While I’m brainstorming ideas for this writers’ workshop series, my pre-school daughter is sitting next to me. Even though she can’t read or write yet, she’s fascinated by letters. As I type along on my laptop, she jots down her own invented script in a little notebook. It reminds me of my own journey of discovery of “the written word.” I had barely mastered the technicalities of handwriting when I started scribbling in personal diaries. As a teenager, I complemented these self-absorbed writings with more social formats as I exchanged snail mail letters with pen pals from across the globe. My first love relationships added poetry to the list and I became an avid journalist for my school’s newspaper (named “Boomerang,” hinting at the importance of reader reception). I continued some of that work at university, where I took a specialized course in journalism and experimented with a range of academic writing styles and formats. I also became a “critical writing fellow,” helping undergraduates to translate thoughts into words. When I moved abroad (which happened multiple times), I mailed weekly electronic “letters from [destination X]” to relatives and friends. I kept this tradition during my doctoral fieldwork, in addition to launching an ethnographic blog. So it’s no exaggeration to state that I like writing. Continue reading →
There are a series of factors that I think contribute to this predicament wherein archaeology is simultaneously recognised as both highly and hardly theorised in terms of its mediation. I’ve discussed it elsewhere, but media studies tend to be relegated to the last chapter of archaeological textbooks, to little more than a single sentence of acknowledgement in other manuscripts, or to a discussion curtailed around only a few select modes of mass communication (i.e., film, television, the web). Where it does have presence, it’s often collapsed into a focus on “the public”, generating analysis that gravitates around popular culture alone.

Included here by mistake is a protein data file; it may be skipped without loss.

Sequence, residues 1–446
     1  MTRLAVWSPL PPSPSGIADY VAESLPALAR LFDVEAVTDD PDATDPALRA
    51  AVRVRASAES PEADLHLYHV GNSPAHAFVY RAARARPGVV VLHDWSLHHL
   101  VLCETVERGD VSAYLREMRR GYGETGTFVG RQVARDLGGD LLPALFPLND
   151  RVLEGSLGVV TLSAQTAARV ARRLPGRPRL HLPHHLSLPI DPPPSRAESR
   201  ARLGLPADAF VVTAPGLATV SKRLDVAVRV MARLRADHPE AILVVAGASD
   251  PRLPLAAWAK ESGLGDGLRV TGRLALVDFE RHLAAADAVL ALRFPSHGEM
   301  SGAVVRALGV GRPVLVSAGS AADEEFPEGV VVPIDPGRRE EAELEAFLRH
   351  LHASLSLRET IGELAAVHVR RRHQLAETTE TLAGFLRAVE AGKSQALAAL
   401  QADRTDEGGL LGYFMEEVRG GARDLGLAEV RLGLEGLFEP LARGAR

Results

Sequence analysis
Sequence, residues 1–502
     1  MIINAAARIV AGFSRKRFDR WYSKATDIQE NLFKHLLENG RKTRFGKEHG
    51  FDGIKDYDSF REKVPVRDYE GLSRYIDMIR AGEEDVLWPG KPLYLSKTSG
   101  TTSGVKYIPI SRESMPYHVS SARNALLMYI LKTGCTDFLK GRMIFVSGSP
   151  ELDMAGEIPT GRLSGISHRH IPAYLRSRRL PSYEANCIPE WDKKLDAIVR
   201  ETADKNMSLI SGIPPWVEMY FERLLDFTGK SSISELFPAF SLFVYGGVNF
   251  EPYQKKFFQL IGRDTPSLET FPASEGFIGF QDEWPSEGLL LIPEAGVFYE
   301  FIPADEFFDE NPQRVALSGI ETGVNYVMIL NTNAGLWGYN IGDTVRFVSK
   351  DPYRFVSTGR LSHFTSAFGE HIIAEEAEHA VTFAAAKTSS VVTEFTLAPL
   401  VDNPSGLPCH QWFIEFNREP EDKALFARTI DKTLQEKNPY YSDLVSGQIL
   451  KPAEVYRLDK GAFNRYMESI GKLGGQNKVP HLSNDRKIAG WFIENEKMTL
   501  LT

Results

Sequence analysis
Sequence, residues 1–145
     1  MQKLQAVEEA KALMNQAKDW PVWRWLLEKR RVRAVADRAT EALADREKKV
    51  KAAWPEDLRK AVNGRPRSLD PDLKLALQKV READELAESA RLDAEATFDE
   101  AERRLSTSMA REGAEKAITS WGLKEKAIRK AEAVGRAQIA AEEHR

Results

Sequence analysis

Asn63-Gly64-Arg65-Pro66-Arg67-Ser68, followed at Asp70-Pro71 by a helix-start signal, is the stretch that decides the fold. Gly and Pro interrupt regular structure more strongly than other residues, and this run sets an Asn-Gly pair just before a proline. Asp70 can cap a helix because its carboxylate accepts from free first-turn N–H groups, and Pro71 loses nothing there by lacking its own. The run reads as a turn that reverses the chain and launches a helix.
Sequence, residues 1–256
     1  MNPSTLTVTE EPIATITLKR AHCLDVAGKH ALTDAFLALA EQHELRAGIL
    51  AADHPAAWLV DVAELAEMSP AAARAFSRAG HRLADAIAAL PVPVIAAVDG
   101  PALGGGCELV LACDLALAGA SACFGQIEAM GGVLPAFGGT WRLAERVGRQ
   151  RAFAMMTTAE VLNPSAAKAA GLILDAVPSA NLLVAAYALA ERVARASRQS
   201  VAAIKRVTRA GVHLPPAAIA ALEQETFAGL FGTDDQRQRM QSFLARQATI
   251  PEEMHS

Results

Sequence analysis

But this situation is contradictory and fundamentally nonsensical.
(Savage Minds is pleased to run this essay by guest author Paul Stoller as part of our Writer’s Workshop series. Paul is Professor of Anthropology at West Chester University. He is the renowned author of innumerable articles and eleven books ranging from ethnography to memoir to biography, and is also a regular Huffington Post blogger on anthropology, Africa, higher education, politics, and more. In 2013, he received the Anders Retzius Gold Medal in Anthropology from the King of Sweden. His newest book Yaya’s Story: The Quest for Well-being in the World will be out in October from the University of Chicago Press.)
For the Songhay people of Niger and Mali life is a series of paths that end and then fork off in two new directions. At these forks in the road the traveler must choose her or his direction, destination, and fate. My choices, many of which were shaped by forces beyond my control, miraculously led me to two mentors: the late Jean Rouch, French filmmaker extraordinaire, and the late Adamu Jenitongo, a profoundly wise sorcerer-philosopher among the Songhay people. Both of these men loved to tell stories, the life source of their science and their art. They never told me how to tell a story; rather, they asked me to sit with them, walk with them, and laugh with them. In this way, they said, I would find my own way in the world and my own way to tell stories. They both believed that the story, in whatever form it might take, is a powerful way to transmit complex knowledge from one generation to the next. Like Milan Kundera in his magisterial The Art of the Novel, they believed that the evocative force of narrative could capture truths far beyond the scope of any philosophical discourse. Continue reading →
It’s that time of the week again! Here are some items you may have missed in the last few days. If you have something to share for next week, please let me know by email (email@example.com) or on Twitter (@dtpowis).
“For every complex problem there is an answer that is clear, simple, and wrong.” — H.L. Mencken
In a recent blog post, Paul Krugman argues that economists and policy makers have deliberately mystified the current economic situation for political reasons and that the solution to our current woes is actually very simple: we need more government spending to boost demand. He plays off the above Mencken epigram, saying “For every simple problem there is an answer that is murky, complex, and wrong.”